I’m a big fan of my mixcube, but relying on it entirely can be a disaster.
Here’s what happened:
Making your mixes translate across all speaker systems is incredibly important. I even made a handy infographic a while ago to help you do that. So, I’ve found that relying on the mixcube makes mix translation easier. However, putting all your faith in one mono speaker is a disaster waiting to happen, as I was about to find out yesterday.
After I get a good mix going on this monitor I usually throw the mix over to my other monitors and flip the entire thing into stereo.
It was then that I noticed how much the mixcube wasn’t telling me.
You see, these kinds of monitors are really mid-range-y. They don’t really tell you what’s going on in the low-end and in this case, in particular, it failed to tell me anything about my high-end.
It was like I’d cranked the treble up to 11!
It’s funny because, while I was doing my rough mix, my analyzer was telling me about a weird bump in the high-end frequencies. I didn’t think too much of it at the time because I couldn’t hear it.
But when I listened on my “real” monitors?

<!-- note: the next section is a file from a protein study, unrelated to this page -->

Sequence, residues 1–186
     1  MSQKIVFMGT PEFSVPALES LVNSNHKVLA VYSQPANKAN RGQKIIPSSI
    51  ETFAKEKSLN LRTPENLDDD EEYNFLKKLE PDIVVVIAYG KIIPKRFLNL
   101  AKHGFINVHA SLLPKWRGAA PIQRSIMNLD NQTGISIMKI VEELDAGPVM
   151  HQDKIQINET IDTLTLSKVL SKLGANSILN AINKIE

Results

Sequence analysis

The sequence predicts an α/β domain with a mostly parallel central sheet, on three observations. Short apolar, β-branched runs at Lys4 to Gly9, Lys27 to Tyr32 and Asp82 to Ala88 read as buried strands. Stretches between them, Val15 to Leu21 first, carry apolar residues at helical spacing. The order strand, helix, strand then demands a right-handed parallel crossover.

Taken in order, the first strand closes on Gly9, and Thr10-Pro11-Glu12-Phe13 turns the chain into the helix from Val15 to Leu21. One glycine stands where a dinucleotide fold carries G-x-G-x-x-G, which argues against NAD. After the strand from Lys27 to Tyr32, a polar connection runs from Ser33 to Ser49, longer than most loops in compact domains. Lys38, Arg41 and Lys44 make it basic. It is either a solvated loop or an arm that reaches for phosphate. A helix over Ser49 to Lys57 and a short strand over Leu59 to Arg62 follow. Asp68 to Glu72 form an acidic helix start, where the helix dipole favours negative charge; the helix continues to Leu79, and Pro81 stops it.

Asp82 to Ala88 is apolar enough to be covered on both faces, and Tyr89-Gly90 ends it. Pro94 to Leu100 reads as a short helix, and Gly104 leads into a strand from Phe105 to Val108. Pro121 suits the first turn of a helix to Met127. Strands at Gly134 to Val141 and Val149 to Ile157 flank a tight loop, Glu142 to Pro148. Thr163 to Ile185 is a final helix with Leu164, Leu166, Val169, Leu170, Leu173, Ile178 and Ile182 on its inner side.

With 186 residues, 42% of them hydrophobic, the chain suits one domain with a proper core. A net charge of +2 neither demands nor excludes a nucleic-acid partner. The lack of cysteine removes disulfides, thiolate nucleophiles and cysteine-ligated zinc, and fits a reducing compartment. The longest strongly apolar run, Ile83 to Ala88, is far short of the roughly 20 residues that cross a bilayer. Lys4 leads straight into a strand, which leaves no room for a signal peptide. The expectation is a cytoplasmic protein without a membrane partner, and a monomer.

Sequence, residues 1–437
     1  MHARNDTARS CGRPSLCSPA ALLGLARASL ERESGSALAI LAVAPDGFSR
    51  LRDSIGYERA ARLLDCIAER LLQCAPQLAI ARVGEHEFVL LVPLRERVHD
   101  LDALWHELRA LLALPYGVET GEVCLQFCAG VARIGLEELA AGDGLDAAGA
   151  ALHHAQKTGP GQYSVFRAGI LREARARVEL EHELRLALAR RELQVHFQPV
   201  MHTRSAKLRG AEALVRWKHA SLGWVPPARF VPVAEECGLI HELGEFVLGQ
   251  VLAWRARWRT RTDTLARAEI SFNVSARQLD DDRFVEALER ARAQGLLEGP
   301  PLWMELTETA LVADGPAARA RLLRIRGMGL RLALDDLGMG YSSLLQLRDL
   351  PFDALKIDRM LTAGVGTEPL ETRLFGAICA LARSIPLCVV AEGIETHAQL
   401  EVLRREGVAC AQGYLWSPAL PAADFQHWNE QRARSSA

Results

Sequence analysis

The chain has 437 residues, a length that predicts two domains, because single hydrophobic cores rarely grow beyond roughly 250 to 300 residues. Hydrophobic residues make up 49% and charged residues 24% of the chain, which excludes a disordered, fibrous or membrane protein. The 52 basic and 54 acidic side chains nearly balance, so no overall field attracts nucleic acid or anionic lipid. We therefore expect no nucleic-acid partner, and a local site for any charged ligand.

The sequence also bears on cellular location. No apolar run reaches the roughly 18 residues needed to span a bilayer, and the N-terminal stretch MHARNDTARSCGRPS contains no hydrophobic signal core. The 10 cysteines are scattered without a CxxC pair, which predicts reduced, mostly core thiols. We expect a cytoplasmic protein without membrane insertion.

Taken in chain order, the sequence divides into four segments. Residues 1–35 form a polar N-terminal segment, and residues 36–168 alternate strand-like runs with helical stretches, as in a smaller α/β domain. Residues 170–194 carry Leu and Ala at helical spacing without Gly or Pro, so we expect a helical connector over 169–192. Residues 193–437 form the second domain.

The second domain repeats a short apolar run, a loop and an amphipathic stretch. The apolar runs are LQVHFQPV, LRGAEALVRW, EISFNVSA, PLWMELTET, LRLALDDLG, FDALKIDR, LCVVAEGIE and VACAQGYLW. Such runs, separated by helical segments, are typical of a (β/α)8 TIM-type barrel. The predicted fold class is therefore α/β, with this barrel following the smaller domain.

Oh, it was there all right!
The harshness of those cymbals still haunts me today!
But the lesson here is that you need to constantly check your mixes on different speaker systems to make sure they’re balanced across the board. Whenever you run into odd differences and mismatch between speakers it’s usually not that hard to fix anyway.
I had focused on the wrong frequencies while I was using the mixcube so it only took a few EQ tweaks to get everything sounding smooth again.
That’s the power of EQ for you. Fixes every frequency problem!
So take that to heart when you’re working on your next mix. Check your mix on multiple systems to make sure you’re not overlooking an EQ problem that will make you look like an idiot in front of your friends with the $10,000 Hi-Fi system.
If you happen to have EQ problems that you can’t seem to fix, check out my EQ Strategies – Ultimate Guide to EQ. It’ll teach you how to know exactly which frequencies to boost and cut, and where to find them.
Check it out here: